may need to have some bumpers around him, because eventually he will go off to college. But he'll
have a more developed prefrontal cortex, and he may have more direction and more purpose in
what he wants to do, and he may be able to monitor
00:03:50 Speaker 1
it more easily as a young adult. No guarantees, but the 18 or 19 year old version of your son is
going to be more able to control his impulses than the 14 year old one is. So I think you need to
talk to him about what motivates him, what he feels is fair with video games. Find a reasonable
middle ground of when he can play video games and when he cannot. And when he cannot. You have
to have some kind of monitoring mechanism to make sure that he's not. So if you have this monitoring
software, you have to have a real concrete plan that you guys made when you're calm and rational
of how to proceed. If you don't have a plan and you find him on minecraft, you're going to blow
up and you're going to have a big argument, and it's not going to go anywhere. Well, you have to
make sure you have a plan that you made when you were calm and make sure your son has a voice in this
plan. If you just throw an edict down, he's not going to follow it because he doesn't care. Make
sure he has a voice. Make
00:04:45 Speaker 1
sure he's heard. Make sure he has some kind of a spoon in the pot. So you guys are all stirring the
same direction. Anyways, that's your question for today. I'll be out next week, so I'll see
you guys in two weeks on Tips on teens. Again. My name is Kent Toussaint from Teen Therapy Center
and tips on teens. If you want me to answer your question in two weeks, email us at tipson firstname.lastname@example.org
or you can direct message us right here on Facebook. Keep your questions coming. We love them.
And I'll see you guys in two weeks. Bye bye.
Cause and Effect
Why can’t you just ask your kid to stop playing video games during school or while they’re doing their homework? They should be able to see why it’s counterproductive right? Wrong!
Parts of your teenager’s brain are still developing. That means that their prefrontal cortex, the part of the brain that controls executive functions, is still under construction. Therefore their ability to self regulate is pretty limited. Skills like impulse control, ability to see cause and effect, etc, just aren’t there yet.
adult solutions may have to wait until adulthood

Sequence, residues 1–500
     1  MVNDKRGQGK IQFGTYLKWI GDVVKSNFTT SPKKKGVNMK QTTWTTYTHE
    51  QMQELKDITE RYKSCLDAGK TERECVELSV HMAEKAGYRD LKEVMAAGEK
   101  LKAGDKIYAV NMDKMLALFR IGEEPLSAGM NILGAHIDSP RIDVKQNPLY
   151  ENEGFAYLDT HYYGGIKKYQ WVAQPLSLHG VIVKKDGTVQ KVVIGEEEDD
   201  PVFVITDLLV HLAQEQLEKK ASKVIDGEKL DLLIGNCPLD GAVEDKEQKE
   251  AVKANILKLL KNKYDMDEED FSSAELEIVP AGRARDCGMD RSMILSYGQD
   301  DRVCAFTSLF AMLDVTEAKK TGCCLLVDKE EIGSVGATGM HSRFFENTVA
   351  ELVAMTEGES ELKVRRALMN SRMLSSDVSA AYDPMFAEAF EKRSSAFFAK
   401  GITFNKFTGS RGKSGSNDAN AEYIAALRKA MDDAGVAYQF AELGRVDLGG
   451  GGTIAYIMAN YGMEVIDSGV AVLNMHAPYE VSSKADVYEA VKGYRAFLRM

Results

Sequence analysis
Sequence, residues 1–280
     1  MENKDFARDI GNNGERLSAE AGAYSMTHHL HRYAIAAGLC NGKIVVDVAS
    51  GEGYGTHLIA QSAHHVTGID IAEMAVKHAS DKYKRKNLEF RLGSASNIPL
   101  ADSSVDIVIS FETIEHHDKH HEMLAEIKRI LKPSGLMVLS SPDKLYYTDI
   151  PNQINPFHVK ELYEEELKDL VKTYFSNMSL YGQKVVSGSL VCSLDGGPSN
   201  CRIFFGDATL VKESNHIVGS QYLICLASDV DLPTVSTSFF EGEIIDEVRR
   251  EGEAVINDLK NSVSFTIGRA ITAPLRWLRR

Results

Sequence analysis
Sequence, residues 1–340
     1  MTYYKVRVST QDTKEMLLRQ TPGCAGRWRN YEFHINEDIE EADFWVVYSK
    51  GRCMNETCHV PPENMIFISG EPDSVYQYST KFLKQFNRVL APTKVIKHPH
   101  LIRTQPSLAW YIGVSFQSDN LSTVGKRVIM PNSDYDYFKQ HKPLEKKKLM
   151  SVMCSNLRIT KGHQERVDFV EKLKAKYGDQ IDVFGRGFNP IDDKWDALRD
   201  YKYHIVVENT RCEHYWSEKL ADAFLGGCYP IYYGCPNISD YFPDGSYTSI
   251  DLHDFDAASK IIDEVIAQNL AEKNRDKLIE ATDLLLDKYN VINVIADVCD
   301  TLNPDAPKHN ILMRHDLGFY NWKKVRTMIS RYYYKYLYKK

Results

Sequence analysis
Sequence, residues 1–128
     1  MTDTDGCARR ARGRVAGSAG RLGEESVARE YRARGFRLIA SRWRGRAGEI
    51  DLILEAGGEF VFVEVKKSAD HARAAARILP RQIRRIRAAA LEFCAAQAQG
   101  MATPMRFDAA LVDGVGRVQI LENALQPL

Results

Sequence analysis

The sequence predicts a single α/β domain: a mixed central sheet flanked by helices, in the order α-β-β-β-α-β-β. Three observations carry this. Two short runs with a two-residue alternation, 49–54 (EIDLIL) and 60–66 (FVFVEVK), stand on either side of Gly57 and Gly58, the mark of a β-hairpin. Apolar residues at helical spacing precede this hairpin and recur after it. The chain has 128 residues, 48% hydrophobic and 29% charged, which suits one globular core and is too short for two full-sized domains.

We get it, you want to be able to negotiate an adult solution with your teenager to get them to stop playing video games. The problem is, they’re probably not capable of doing that yet. Therefore you’ll likely have to invest in some sort of monitoring software or put some “bumpers” in place.
By the time your kid goes off to college they’ll hopefully have a more developed prefrontal cortex, and therefore more capable of self monitoring. There’s more to talk about, and we get to it all in this Tips on Teens:
“My 14 year old son always plays online video games on his school computer, sometimes during class or while he does homework. We figured it out when we checked his browser history. We tried telling him to focus on finishing his homework and then he could have 30 minutes free time but it didn’t work. We could install a monitoring software on the computer, but we really hope he can control himself not to play online games during school or homework. Someday we won’t be able to control him when he goes to college. What should we do now?”
Clinical Director Kent Toussaint answers your parenting questions every Wednesday at 12:00pm in our weekly segment Tips On Teens on Facebook Live. Have questions about parenting kids and teens? Send them to: TipsOnTeens@TeenTherapyCenter.com. We love to hear from you!
Head on over to our Facebook page every Wednesday at 12:00pm to watch LIVE! Check out our page here – https://www.facebook.com/TeenTherapyCenter/
If you have more questions or would like more information, please contact our Clinical Director, Kent Toussaint at 818.697.8555.